Mr. Ames was a man of strong and resolute will, of great force of character, indomitable energy, and persevering industry. He possessed a splendid physique, and easily bore off the palm in all feats of strength and skill, especially in wrestling, of which he was very fond. His manly and dignified bearing gave all who saw him the impression that they looked upon a man of mark. Born of the people, he was always very simple in his tastes, as well as democratic in his feelings and principles. He was equally decided in his likes and dislikes; but his judgment of persons was based upon what he believed to be the real worth of anyone, with-out reference to station or condition. He was consequently greatly respected and beloved by his neighbors and townsmen.
Mr. Ames was no lover of office, being ambitious alone to have the charge of the highways of his town intrusted to him; yet he was a number of times honored by his fellow townsmen, being elected in 1828, 1833, and 1834 to the Massachusetts Legislature, and served with marked ability upon the committee on Manufactures. Contrary to his desires he was elected in 1845 and by a large vote to the Massachusetts Senate.
In his religious faith Mr. Ames was a decided Unitarian, and the founder of the Unitarian Society of Easton, and he was liberal in his aid to religious institutions. He gave largely to charities.
In April, 1803, Mr. Ames married Susan Angier, who was born March 8, 1783, daughter of Oakes Angier (Harvard, 1763), an eminent barrister of his day. Through her maternal grandfather, Edward Howard, she was a direct descendant of John Winslow, a brother of Gov. Edward Winslow and uncle of Gov. Josiah Winslow; John Winslow married Mary Chilton, of “Mayflower” stock. She was a great-great-granddaughter of Rev. Urian Oakes, president of Harvard College, 1675-81, a direct descendant of Rev. Dr. William Ames, the eminent divine, author, theological controversialist and professor in the University of Francker, in Friesland. Dr. Ames’s daughter, Ruth, after his death came with her mother and brother to New England, where she married Edmund Angier, of Cambridge, and their son, Rev. Samuel Angier, married Hannah Oakes, daughter of President Urian Oakes, of Harvard. Their son, Rev. John Angier, was the grandfather of Susan. Thus by the marriage of Oliver Ames and Susan Angier were united on the shores of New England two of the chief branches of the great English family of Ames.
Mr. Ames died Sept. 11, 1863, at North Easton. His wife died March 27, 1847, and the remains of both now repose in the Ames family lot in the village cemetery near Unity Church, in North Easton. Their children were:
- Oakes Ames, born Jan. 10, 1804
- Horatio Ames, born Nov. 18, 1805, who died Jan. 28, 1871
- Oliver Ames, Jr., born Nov. 5, 1807
- Angier Ames, born Feb. 19, 1810, who’ died Jan. 21, 1811
- William L. Ames, born July 9, 1812, who died Feb. 8, 1873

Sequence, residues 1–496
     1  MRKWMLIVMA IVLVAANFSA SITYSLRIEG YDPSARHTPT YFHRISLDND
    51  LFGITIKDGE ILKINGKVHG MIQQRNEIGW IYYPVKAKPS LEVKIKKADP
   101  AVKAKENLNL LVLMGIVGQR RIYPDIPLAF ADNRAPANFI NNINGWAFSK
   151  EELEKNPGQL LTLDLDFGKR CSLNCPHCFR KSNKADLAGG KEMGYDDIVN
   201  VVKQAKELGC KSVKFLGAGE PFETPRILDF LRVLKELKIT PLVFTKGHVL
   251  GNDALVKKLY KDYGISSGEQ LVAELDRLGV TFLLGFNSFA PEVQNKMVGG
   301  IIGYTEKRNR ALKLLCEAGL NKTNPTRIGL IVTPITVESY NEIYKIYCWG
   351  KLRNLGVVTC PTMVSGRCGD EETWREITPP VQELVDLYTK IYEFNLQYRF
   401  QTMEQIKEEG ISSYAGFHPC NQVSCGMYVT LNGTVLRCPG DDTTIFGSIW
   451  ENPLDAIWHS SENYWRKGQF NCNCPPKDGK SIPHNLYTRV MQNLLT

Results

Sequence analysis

- Sarah Angier Ames, born Sept. 8, 1814, who died June 5, 1888, married Nathaniel Wetherell, of Bridgewater, born 1811, died Aug. 16, 1848
- John Ames, born April 18, 1817, who died May 14, 1844
- Harriet Ames, born Sept. 12, 1819, married Asa Mitchell, of East Bridgewater, and died Dec. 29, 1896. Their son:
- Frank Ames Mitchell, born June 27, 1841, died Dec. 13, 1900.
(X) (Hon.) Oliver Ames, son of Hon. Oliver and Susan (Angier) Ames, was born Nov. 5, 1807, in Plymouth, Mass. By his father’s removal to Easton in 1813 he became a resident of that town, which place was afterward his home. In his youth his time was divided between attending school and employment in the shovel works. He became an expert and thorough workman in every branch of shovel manufacturing. He also showed great aptitude for study, and in 1828, being disabled for actual labor by a severe fall, he entered an academy at North Andover, Mass., intending to prepare for college, and ultimately to study law, for which pursuit his talents peculiarly fitted him; but after spending a year and a half at the academy he entered as a law student the office of William Baylies, Esq., of West Bridgewater. The confinement of the office, proving unfavorable to his health, together with the increasing demands of business at home, led him to cast in his lot with that of his father and his brother Oakes. In 1844 he entered into co-partnership with them, forming the house of Oliver Ames & Sons, and becoming the efficient co-laborer of his brother in the management of their great business. As early as 1826 he was much interested in the temperance movement, supporting the cause of total abstinence, of which from that time he was a consistent and earnest advocate, serving it actively, contributing to it largely, and being the first man in Easton to sign the total abstinence pledge.
Mr. Ames was a member of the Whig party, and at its dissolution joined the Republican party, taking a lively interest in its principles and measures. In 1852 he was elected to the Senate of Massachusetts by the Legislature,, there being no choice by the people, and did excellent service upon several important committees. He was elected to the same office in 1857 by popular vote. In some of the campaigns he made effective speeches upon the issues of the hour. In the year 1855 the Messrs. Ames built the Easton Branch railroad, and after this became interested in those important railroad enterprises in which the two brothers were so deservedly famous. Though Oakes Ames with characteristic courage took the initiative in constructing the Union Pacific railroad, yet the prosecution and completion of this magnificent undertaking was owing to the united efforts of the two brothers. In 1866 Oliver Ames was elected president of that railroad, an office he held with signal ability until March, 1871. During this time the road passed through some of its stormiest days and severest, trials. His sound judgment, great business capacity, and inflexible integrity were of immense service in carrying this great enterprise safely through difficulty and peril to final success. At Sherman, Wyo., the highest point reached by the Union Pacific railroad, the company erected a monument in memory of Oakes and Oliver Ames.